A public safety telecommunicator speaks to a distressed caller.

Why We’re Celebrating National Public Safety Telecommunicators Week

April 10, 2019

This April, we’re saluting 911 communications personnel as part of National Public Safety Telecommunicators Week. The annual event, hosted by APCO International, honors those who dedicate their lives to serving the public. You can also take part in the week, which runs from April 14 to 20.

Tips for celebrating National Public Safety Telecommunicators Week

The official website for the week offers several suggestions for how you and your staff can celebrate the occasion. Here are just a few ideas to get you started:

A public safety telecommunicator speaks to a distressed caller.

Credit: Mircea Moira / Shutterstock.com

Invite first responders to thank staff in person.

Celebrate with lunch or use some time for a meet-and-greet.

Treat the team to lunch, cake, or another meal.

If budget is an obstacle, host a potluck and ask everyone to bring a dish to pass.

Give out prizes or gift baskets to employees.

Gather gift cards and other items throughout the year.

Tell your community all about their public safety telecommunicators.

Let the local media know about the week by sending out a press release. You can also use social media to interact with community members.

Host training sessions and tech demos.

Coordinate training sessions with your staff to enhance professional development. Additionally, work with vendors to schedule a demonstration of cutting-edge technology for public safety.

What’s in your PSAP?

For public safety personnel, high-resolution aerial imagery and geospatial data are key to sharing an accurate common operating picture. Emergency responders often use this data to train, plan for, and mitigate incidents before they have the chance to happen. When an event occurs, personnel have the information they need for critical missions. That includes finding missing persons or conducting search and rescue efforts.

Officer uses a computer and data from public safety telecommunicators on the scene.Public safety telecommunicators depend on the right location data to help first responders answer calls for service. While aerial imagery and data analytics have uses for any government agency, their implementation requires more than a one-size-fits-all approach. Fortunately, these days any size agency can become high-tech.

That was the case for Maricopa Region 911, which includes 25 public safety answering points (PSAPs) in Maricopa County, Arizona, plus one in Pinal County. The department sends first responders to Phoenix, Mesa, Chandler, Glendale, Scottsdale, Tempe, and surrounding areas.

The department needed a way to share imagery and data resources across all 25 locations while maintaining security. Alongside agency stakeholders, GIS manager Dave Eaton identified the benefits of self-hosting and managing the department’s own GIS resources: improved logistics, reduced upgrade costs, and simple operation with no wait time for vendor updates.

The solution they chose from EagleView helped them connect PSAPs and share information across the jurisdiction. With streamlined access to high-resolution aerial imagery from EagleView, end users require less training and save time searching for the data they need. Additionally, public safety telecommunicators also have access to accurate maps, property information, and parcel data—even from adjacent counties.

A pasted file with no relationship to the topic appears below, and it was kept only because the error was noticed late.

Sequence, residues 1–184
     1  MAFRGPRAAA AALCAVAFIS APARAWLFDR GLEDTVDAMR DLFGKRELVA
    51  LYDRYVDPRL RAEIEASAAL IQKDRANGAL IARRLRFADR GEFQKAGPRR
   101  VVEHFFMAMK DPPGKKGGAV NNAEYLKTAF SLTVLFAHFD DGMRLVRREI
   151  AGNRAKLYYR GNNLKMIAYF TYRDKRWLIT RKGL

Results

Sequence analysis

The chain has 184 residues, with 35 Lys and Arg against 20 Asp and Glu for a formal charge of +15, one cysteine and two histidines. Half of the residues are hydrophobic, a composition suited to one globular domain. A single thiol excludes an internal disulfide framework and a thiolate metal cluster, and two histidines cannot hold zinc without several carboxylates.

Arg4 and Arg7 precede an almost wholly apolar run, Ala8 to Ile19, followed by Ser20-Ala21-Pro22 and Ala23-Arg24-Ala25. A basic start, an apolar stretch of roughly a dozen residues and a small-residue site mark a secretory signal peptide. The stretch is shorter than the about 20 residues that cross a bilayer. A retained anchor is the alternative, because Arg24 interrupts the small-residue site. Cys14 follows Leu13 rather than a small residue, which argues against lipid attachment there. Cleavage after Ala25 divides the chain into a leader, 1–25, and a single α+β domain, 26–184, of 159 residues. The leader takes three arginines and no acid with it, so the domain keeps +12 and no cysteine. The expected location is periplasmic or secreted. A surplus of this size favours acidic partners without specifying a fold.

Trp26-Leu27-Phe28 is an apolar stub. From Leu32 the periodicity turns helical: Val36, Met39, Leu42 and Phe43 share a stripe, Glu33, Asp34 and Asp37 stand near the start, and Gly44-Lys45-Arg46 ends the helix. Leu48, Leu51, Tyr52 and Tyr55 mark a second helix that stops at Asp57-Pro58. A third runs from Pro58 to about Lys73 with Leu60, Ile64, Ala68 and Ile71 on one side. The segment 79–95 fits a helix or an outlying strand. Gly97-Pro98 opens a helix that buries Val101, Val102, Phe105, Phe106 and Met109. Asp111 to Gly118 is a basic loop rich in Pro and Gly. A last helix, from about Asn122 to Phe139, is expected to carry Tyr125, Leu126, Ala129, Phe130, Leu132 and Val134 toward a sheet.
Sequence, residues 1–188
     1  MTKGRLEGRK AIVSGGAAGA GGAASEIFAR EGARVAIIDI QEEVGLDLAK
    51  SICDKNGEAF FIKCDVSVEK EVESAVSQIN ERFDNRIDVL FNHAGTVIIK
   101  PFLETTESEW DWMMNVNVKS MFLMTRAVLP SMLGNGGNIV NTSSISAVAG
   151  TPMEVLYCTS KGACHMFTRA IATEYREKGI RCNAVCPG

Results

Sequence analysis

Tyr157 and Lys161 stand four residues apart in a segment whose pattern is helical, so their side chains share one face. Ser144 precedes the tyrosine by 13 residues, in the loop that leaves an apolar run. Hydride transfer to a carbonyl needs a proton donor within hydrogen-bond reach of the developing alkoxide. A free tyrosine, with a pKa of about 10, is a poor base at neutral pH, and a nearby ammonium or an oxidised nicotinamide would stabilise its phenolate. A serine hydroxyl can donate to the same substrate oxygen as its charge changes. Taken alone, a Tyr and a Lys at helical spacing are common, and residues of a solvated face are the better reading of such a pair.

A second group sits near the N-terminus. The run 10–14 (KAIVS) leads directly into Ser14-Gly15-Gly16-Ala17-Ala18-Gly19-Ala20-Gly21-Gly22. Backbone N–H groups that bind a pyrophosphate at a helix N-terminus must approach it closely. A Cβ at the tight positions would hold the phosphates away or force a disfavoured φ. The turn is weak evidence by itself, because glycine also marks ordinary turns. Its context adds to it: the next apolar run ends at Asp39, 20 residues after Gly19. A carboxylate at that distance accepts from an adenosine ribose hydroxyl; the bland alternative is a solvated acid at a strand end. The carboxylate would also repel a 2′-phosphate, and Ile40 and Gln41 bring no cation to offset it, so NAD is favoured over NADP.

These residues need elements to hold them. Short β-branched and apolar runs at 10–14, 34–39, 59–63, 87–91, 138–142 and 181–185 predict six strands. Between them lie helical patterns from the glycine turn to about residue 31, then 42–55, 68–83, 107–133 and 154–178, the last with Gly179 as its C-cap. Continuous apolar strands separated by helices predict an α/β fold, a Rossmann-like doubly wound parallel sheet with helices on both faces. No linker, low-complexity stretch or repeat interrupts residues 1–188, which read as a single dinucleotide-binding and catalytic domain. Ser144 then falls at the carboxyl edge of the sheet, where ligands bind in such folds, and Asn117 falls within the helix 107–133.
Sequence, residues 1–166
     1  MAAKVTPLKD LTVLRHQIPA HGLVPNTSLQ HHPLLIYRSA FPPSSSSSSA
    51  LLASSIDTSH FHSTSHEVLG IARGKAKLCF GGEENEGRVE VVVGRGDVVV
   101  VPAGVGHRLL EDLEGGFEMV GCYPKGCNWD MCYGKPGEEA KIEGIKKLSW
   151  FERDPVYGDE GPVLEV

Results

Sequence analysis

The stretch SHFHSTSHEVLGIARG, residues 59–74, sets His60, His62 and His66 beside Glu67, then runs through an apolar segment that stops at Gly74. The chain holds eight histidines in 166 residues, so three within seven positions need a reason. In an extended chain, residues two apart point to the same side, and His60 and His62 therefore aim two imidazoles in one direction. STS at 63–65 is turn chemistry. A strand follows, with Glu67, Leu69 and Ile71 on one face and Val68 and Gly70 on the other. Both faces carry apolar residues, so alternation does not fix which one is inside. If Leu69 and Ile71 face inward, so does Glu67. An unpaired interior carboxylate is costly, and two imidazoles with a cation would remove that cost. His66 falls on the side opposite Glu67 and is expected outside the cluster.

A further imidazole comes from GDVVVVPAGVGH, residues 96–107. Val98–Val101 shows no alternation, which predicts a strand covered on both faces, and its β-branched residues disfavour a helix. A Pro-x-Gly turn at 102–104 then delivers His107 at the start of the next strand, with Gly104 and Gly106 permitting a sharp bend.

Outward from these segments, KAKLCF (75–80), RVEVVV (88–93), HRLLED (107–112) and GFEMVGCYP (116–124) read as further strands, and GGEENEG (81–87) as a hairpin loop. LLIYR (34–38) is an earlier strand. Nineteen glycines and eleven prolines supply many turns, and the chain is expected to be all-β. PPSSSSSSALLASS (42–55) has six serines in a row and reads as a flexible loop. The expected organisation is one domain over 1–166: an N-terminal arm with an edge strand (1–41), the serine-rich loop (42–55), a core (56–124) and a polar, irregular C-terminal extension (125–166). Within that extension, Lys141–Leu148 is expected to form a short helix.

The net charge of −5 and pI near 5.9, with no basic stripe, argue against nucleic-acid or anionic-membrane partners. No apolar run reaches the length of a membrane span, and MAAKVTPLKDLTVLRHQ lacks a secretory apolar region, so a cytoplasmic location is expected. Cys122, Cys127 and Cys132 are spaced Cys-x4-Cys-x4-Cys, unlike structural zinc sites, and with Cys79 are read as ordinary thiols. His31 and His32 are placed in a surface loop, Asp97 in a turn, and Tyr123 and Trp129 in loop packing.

Find out more about Maricopa Region 911’s connected PSAPs.

PSAP technology can mean life-saving results

A man on the phone with public safety telecommunicatorsWhen the call comes in, data can make all the difference in an emergency. In remote areas, especially, access to someone in need of medical attention can pose challenges to first responders.

A group of hikers on the Appalachian trail placed a call for service in Roanoke County when one of their party had fainted and become unresponsive. The hikers were unsure of their exact location. They only knew that they were about a mile from the parking lot where they had entered the trail.

Using GPS data from the 911 call, public safety telecommunicators could provide the command post with latitude and longitude coordinates. First responders cross-referenced the location with imagery from EagleView to verify the caller’s location.

According to Tom Bier, Roanoke’s Battalion Chief at the time, the imagery and GIS data enabled the teams “to verify the location of the patient, identify a nearby road to use for access, and identify the owner of the road.”

What would have happened if the emergency responders didn’t have imagery from EagleView? “We probably would have carried the patient out via the trail and that would have taken several hours and at least twice the number of rescuers,” Bier explained. With imagery, however, he said, “It allowed us to cut in half the time it took to get the patient off the mountain and to the hospital.”

Learn about the role imagery played in this search-and-rescue operation.

Thank you, public safety telecommunicators!

EagleView thanks the call takers, dispatchers, and other professionals who keep PSAPs operating smoothly.

Want to know more about what EagleView can do for your agency? Download our guide to Imagery Across Agencies to discover the benefits technology can have for public safety agencies and across entire jurisdictions.

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